The revelations come in the wake of the Panama Papers scandal that, once again, revealed how powerful individuals and companies are using tax havens to hide their wealth and dodge taxes.

Robbie Silverman, Senior Tax Advisor at Oxfam said: "Yet again we have evidence of a massive systematic abuse of the global tax system. We can't go on with a situation where the rich and powerful are not paying their fair share of tax, leaving the rest of us to foot the bill. Governments across the globe must come together now to end the era of tax havens."

Tax avoidance has become standard business practice across the globe. Oxfam estimates that 90 percent of the top 200 global companies use tax havens.

On Tuesday, the European Commission announced plans to make big companies more transparent about where they pay tax. Oxfam believes that the limited scope of these proposals makes them almost useless for identifying where tax avoidance may be happening. It is urging the UK Government to push for stronger rules to ensure multinationals report their taxes and profits in all countries where they do business, including tax havens and developing countries.

Silverman said: "The same tricks and tools used by multinational companies to dodge tax in the US are being used to cheat countries across the world out of their fair share of tax revenues, with devastating consequences. Poor countries are particularly hard hit, losing an estimated $100 billion a year to corporate tax dodgers. This is enough to provide safe water and sanitation to more than 2.2 billion people."

The 50 companies spent approximately $2.6 billion lobbying the US government to maintain favourable tax rules and other beneficial policies between 2008 and 2014. This lobbying generates an incredible rate of return. Oxfam estimates that for every $1 spent on lobbying, the 50 big US companies collectively received $130 in tax breaks and more than $4000 in subsidies from the US government.

Silverman added: "When corporations don't pay their fair share of taxes governments are forced to cut back on essential services or levy higher taxes on the rest of us. It's time governments stopped pandering to big business and started working for the good of their citizens."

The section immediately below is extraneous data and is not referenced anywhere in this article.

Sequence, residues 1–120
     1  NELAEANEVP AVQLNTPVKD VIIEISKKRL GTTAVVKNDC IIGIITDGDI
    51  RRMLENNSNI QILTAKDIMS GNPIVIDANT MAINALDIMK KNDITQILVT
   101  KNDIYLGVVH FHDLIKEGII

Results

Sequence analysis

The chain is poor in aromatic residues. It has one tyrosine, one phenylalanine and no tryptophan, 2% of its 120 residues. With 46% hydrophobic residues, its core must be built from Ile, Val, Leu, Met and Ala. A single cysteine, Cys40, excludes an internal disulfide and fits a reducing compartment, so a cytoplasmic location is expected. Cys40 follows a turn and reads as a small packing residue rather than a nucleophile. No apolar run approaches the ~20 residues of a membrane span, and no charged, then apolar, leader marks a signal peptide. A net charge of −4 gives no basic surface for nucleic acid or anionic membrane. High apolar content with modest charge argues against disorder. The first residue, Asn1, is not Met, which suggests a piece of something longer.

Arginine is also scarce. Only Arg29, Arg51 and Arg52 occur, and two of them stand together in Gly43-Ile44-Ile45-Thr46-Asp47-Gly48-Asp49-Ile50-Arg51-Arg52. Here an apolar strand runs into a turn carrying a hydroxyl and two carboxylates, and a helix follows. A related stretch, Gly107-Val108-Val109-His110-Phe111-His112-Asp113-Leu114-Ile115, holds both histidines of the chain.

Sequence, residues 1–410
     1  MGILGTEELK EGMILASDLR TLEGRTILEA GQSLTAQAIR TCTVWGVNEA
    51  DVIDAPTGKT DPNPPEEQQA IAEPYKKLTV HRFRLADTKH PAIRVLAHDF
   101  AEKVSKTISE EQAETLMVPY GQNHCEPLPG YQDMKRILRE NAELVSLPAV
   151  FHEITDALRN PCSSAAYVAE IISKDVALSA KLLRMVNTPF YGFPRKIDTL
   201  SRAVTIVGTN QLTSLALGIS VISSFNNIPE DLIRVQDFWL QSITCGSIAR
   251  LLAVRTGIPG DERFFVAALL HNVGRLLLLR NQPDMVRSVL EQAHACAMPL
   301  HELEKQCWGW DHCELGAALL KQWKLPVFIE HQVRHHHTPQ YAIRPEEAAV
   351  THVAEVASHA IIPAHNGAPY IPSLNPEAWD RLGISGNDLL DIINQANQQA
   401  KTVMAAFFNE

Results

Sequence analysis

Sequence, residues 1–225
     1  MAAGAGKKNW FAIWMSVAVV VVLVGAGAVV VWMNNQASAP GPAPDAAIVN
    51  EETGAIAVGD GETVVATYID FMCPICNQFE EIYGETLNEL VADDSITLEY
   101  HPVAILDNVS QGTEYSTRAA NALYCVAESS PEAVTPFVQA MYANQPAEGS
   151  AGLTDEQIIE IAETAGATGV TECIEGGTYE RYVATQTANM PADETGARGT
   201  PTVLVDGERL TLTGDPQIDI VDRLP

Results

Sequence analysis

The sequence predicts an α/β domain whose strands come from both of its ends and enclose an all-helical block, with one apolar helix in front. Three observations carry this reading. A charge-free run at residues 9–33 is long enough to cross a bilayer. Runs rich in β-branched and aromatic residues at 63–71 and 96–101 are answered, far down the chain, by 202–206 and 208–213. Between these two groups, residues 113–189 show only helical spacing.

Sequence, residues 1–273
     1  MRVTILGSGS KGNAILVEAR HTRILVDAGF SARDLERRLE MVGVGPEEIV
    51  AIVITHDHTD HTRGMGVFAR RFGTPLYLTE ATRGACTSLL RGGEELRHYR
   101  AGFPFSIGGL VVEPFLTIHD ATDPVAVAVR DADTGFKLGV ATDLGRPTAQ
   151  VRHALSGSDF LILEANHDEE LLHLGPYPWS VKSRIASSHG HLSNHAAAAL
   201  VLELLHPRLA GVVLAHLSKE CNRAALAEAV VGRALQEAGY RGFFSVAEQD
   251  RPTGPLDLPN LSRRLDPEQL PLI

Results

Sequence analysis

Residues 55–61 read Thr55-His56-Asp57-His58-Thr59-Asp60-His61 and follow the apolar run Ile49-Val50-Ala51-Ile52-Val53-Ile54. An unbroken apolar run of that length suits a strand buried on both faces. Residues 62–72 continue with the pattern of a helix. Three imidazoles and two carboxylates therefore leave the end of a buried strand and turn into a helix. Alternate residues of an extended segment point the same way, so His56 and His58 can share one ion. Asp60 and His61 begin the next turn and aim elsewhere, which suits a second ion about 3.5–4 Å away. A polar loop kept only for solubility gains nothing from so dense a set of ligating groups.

Broken at the Top outlines a range of tricks, tools, and loopholes companies use to avoid paying tax. One of the most common is 'profit shifting', where a company declares its profits in a low or zero tax jurisdiction instead of where they actually do business. In 2012 for example, US companies reported $80 billion of profits in the tiny island of Bermuda - a British Overseas Territory - more than their reported profits in Japan, China, Germany and France combined.

Oxfam is calling for governments to work together to ensure multinational companies and wealthy individuals pay their fair share of tax. This must include measures to ensure companies pay taxes where they do business and to stop the secrecy that enables companies and individuals to hide their money from tax authorities.

Notes to editors:

Download Oxfam's new report , Broken at the Top - How America's dysfunctional tax system costs billions in corporate tax dodging.


Oxfam has criticised the loopholes in the European Commission's new corporate tax proposals which would mean companies could still dodge tax by using territories not included in the rules.


Fifty biggest global US companies stash $1.3 trillion offshore | Press releases | Oxfam GB
 
lone wolf
Free Thinker
+1
#17
Quote: Originally Posted by Tecumsehsbones View Post

Don't tell me, let me guess.

Is it "Conservatives?"

Cons is one cloak. Libs is another. Dems is another and Reps is one more - they're all window dressing to hide a greedy bastard who'll gladly rob you blind so his corporate friends can reward him greatly. NDP? They'd prefer to let a Union walk all over you
 
gopher
No Party Affiliation
+1
#18
... and some folks still say there is no such thing as welfare for the rich - that should settle the argument once and for all
 
tay
#19
From the Fusion news organization, perhaps the best documentary yet on the Panama Papers and how various government agencies block access to info from the regular non connected sheeple.






www.youtube.com/watch?v=TvPBM8zAc1o
 
taxslave
Free Thinker
#20
Quote: Originally Posted by tay View Post